As explained in the briefing, Plaintiff Anita Green claims to have been "assigned the gender of male at birth," but "came out as transgender at the age of 17." Green later took medication to alter hormone levels and underwent cosmetic surgery in which Green's male anatomy was reconstructed to appear as female anatomy.

Green then began competing in female beauty pageants. These included back-to-back entrances in the Miss Montana USA pageant, which ended when Green was no longer eligible because of that pageant's age requirement. Green then moved to Oregon and continued competing, including in the Miss Earth pageants in Oregon and Nevada.1

In late 2018, Green and Tanice Smith—Miss United States of America's national director—began exchanging messages on Facebook. The two began discussing Miss United States of America's Oregon pageant. Smith explained that the 2018 Oregon pageant had already occurred, but that Green could either wait until next year's pageant or try to represent another state at the national pageant.

After Smith sent Miss United States of America's rules, Green wrote "[y]ou know I'm transgender, right?" and "[y]our rules seem to discriminate against transgender women." Smith responded that she did not know that Green identified as transgender, and explained that Miss United States of America is a "natural pageant," implicitly referencing the Pageant's "natural born female" rule. After informing Green that the Pageant did not anticipate changing this eligibility requirement, Smith offered to help Green find "a pageant you would qualify for." Green responded by writing "[w]ell, I'll talk to my attorney about this then because discrimination is unacceptable."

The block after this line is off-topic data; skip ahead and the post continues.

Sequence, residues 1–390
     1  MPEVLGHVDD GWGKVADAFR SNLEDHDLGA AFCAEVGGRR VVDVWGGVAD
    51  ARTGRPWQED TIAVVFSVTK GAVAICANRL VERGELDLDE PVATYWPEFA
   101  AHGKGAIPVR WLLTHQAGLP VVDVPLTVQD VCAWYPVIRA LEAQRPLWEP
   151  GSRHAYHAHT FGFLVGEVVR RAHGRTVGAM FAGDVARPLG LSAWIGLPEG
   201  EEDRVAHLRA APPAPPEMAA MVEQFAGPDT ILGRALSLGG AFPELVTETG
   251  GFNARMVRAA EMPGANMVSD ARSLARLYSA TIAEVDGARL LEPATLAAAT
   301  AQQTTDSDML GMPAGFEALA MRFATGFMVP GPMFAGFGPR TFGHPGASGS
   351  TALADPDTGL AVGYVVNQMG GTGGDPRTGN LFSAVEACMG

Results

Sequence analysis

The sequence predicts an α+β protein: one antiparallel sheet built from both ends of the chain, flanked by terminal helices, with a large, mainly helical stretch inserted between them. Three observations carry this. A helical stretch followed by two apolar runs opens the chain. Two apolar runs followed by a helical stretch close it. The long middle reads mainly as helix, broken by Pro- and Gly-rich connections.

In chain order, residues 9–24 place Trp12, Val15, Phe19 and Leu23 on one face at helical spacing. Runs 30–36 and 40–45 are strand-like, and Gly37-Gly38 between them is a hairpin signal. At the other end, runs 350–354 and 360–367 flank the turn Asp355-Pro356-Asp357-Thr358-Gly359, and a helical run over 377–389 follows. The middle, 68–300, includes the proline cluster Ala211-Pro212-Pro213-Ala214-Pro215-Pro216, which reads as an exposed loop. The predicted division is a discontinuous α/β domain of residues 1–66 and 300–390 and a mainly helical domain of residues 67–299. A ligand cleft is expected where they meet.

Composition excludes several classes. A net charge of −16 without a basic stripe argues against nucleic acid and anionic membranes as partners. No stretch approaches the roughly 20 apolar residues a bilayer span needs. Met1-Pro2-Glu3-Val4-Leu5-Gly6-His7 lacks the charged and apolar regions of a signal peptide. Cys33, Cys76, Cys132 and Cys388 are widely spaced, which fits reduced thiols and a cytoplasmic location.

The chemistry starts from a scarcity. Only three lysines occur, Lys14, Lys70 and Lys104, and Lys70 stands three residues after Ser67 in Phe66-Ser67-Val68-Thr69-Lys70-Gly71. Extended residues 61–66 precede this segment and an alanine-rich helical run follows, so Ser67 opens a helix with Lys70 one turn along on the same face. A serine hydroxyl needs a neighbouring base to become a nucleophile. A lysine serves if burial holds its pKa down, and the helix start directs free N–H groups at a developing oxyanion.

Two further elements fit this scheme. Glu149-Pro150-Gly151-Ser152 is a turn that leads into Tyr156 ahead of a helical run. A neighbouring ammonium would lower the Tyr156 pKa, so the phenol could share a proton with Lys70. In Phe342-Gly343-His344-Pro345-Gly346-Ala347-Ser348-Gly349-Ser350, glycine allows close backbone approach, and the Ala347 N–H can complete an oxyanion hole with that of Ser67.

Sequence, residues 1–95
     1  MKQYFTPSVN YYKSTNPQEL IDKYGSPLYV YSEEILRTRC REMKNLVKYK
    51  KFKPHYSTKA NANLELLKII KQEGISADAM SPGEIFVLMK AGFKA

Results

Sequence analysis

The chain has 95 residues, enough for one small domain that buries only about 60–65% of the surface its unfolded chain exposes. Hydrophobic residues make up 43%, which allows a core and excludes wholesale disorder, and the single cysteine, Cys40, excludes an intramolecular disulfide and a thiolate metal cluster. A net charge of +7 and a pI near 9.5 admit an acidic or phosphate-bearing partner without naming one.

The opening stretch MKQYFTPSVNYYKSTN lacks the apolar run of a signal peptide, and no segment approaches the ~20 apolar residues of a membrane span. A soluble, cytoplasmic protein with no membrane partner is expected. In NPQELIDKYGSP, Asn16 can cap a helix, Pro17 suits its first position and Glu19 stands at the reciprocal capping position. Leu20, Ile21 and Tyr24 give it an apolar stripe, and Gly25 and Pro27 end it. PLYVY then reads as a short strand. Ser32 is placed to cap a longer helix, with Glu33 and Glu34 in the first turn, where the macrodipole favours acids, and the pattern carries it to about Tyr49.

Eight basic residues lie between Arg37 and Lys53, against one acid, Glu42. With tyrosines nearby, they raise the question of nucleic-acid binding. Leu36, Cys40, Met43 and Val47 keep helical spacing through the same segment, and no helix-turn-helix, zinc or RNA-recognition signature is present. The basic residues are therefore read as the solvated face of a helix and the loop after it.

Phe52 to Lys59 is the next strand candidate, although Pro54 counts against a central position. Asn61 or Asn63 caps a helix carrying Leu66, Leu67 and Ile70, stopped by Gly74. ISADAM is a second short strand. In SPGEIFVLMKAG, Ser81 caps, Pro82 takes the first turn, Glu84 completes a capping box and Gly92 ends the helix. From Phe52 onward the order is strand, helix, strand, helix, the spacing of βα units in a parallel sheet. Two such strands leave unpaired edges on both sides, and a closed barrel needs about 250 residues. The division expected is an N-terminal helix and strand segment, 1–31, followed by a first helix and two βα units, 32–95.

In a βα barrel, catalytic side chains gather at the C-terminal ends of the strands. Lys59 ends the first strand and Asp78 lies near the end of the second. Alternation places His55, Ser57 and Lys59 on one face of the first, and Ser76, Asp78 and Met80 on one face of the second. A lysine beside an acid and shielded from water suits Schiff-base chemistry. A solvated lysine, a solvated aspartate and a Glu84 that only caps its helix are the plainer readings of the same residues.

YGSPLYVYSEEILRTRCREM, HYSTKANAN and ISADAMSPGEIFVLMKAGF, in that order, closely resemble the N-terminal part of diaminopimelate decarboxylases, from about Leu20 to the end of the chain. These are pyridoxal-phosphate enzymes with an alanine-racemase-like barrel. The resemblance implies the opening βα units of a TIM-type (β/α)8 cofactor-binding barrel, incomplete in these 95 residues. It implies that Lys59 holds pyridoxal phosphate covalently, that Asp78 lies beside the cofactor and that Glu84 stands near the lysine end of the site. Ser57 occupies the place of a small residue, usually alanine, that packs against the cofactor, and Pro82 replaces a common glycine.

Notwithstanding the Pageant's eligibility requirements, Green applied to compete.

After the Pageant denied Green's application, Green sued. Green alleged that the Pageant violated the OPAA by discriminating based on gender identity. See Or. Rev. Stat. § 659A.403.2

The Pageant moved to dismiss, arguing in part that the application of OPAA violated the Pageant's freedom of speech and freedom of association rights under the First Amendment. After oral argument, the district court converted the motion to dismiss into a motion for summary judgment so that the parties could "engage in limited discovery and ... submit supplemental briefing on the question of whether Miss USA is an ‘expressive association’ " to evaluate the Pageant's freedom of association claim. After the subsequent filings, the district court granted the Pageant's motion for summary judgment, holding that the Pageant had a First Amendment freedom of association right to exclude Green.

The district court denied the Pageant's freedom of speech claim before ruling on its freedom of association claim. In rejecting the Pageant's speech claim, the district court first concluded that Hurley v. Irish-American Gay, Lesbian, and Bisexual Group of Boston , 515 U.S. 557, 115 S.Ct. 2338, 132 L.Ed.2d 487 (1995), did not control the outcome of this case. The court explained that the state court in Hurley "misapplied the public accommodations law in a way that transformed it from a conduct-regulating, content-neutral law that did not target speech into a...